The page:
Does the earth's mass increase? Even in insignificant quantities?
Asked by: Jorge Luis Mendez
The Earth gains mass each day as a result of incoming
debris from space. You may have even seen evidence of this
activity in the form of a 'falling star', or meteor,
on a dark night.
While the actual amount of added material depends on which study you
look at, an estimated 10 to the 8th power kilograms of
in-falling matter accumulates every day. That
seemingly large amount, however, IS insignificant compared to
the Earth's total mass of almost 10 to the 25th power kilograms.
In other words, Earth adds an estimated one quadrillionth of
one percent to its weight each day. I don't know of any
counteracting mass LOSS mechanism of any consequence.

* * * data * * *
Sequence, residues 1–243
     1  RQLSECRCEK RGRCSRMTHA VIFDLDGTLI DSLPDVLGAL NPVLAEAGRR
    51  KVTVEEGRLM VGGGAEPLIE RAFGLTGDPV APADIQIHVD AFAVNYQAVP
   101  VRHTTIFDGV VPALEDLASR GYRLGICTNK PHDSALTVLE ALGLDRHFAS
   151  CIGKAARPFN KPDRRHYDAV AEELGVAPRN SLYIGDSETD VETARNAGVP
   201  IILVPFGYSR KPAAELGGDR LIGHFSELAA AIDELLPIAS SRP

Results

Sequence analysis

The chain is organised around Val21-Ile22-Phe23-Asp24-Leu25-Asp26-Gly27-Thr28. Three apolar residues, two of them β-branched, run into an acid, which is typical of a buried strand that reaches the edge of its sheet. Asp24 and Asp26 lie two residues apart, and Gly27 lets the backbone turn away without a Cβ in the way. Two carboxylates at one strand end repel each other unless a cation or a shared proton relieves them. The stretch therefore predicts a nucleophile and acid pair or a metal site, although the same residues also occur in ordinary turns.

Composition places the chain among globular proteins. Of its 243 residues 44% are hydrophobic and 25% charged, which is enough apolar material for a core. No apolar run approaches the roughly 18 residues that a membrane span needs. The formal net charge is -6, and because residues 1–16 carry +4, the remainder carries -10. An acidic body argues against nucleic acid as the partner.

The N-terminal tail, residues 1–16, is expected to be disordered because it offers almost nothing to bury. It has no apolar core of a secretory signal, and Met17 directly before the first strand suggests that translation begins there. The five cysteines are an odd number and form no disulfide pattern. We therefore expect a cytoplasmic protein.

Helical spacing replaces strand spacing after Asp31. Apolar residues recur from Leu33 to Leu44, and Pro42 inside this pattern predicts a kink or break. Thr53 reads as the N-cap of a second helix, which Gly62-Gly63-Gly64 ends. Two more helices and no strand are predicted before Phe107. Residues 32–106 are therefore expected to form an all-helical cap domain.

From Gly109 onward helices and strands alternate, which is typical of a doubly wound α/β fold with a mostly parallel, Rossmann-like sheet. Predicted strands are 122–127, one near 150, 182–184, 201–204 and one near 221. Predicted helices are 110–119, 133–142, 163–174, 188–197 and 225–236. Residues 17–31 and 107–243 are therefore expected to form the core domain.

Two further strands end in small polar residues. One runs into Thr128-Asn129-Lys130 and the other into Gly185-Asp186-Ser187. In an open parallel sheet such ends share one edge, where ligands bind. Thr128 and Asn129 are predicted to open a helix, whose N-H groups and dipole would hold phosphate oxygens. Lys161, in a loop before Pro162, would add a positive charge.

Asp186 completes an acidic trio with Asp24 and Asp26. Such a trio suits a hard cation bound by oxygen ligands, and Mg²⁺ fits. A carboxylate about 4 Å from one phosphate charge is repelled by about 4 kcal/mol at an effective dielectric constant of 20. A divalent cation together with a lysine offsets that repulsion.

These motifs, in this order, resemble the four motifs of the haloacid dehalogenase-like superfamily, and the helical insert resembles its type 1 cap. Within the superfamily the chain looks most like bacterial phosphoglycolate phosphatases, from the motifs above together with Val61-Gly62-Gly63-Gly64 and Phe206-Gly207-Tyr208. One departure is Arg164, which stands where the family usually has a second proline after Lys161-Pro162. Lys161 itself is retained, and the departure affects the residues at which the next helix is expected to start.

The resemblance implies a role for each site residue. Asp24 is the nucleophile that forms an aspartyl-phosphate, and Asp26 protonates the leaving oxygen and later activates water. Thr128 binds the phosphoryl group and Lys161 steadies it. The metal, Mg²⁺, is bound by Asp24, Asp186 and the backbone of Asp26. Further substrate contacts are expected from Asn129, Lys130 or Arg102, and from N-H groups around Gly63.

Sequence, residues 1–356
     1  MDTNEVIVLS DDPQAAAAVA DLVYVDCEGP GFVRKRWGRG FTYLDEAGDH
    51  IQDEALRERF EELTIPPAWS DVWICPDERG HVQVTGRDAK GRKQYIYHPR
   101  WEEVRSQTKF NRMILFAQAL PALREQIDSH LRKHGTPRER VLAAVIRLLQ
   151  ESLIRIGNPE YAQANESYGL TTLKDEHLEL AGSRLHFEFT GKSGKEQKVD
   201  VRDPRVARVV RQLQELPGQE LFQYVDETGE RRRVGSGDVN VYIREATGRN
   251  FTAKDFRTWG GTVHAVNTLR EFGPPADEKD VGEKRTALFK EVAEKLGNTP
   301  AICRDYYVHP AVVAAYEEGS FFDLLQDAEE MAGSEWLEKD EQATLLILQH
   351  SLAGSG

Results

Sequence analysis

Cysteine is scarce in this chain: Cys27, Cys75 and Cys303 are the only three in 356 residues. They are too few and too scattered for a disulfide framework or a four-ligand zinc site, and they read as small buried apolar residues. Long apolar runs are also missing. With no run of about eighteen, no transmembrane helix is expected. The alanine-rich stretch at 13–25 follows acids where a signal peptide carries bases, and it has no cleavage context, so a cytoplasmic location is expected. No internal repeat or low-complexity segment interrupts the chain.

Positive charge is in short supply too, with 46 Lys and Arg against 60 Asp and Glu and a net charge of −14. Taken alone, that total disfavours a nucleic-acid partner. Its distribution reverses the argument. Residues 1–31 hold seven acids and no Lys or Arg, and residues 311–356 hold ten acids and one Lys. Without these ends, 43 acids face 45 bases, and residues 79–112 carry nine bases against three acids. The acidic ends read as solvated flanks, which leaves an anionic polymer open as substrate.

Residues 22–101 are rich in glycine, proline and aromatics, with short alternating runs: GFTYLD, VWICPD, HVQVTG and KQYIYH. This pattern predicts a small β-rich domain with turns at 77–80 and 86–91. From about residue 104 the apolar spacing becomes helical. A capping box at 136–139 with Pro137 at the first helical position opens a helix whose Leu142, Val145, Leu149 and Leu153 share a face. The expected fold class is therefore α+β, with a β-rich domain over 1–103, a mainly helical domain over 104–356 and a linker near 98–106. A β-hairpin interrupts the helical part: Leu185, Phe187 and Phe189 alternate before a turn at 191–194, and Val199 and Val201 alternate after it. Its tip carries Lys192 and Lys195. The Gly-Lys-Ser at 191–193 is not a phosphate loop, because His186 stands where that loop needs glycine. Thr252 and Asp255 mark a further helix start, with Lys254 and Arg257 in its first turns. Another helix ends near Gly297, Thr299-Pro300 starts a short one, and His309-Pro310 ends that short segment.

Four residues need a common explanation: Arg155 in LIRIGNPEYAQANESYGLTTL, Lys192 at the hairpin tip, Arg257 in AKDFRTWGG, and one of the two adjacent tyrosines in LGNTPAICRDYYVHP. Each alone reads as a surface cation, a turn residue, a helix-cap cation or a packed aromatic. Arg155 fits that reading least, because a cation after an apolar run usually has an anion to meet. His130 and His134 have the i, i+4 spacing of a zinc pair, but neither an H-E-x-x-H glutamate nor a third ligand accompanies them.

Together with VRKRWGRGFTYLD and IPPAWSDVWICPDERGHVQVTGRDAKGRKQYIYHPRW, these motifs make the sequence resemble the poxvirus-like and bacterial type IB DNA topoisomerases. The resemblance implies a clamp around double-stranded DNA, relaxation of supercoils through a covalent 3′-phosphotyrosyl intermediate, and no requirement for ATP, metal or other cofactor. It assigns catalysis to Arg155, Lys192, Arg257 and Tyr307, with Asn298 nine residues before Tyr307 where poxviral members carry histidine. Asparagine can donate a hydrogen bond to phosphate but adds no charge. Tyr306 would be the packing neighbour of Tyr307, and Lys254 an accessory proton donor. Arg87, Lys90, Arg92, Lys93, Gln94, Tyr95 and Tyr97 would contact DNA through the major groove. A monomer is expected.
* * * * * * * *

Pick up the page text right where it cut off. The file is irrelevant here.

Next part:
Answered by: Paul Walorski, B.A. Physics, Part-time Physics Instructor
'I beseech you to take interest in these sacred domains so expressively called laboratories. Ask that there be more and that they be adorned for these are the temples of the future, wealth and well-being. It is here that humanity will grow, strengthen and improve. Here, humanity will learn to read progress and individual harmony in the works of nature, while humanity's own works are all too often those of barbarism, fanaticism and destruction.'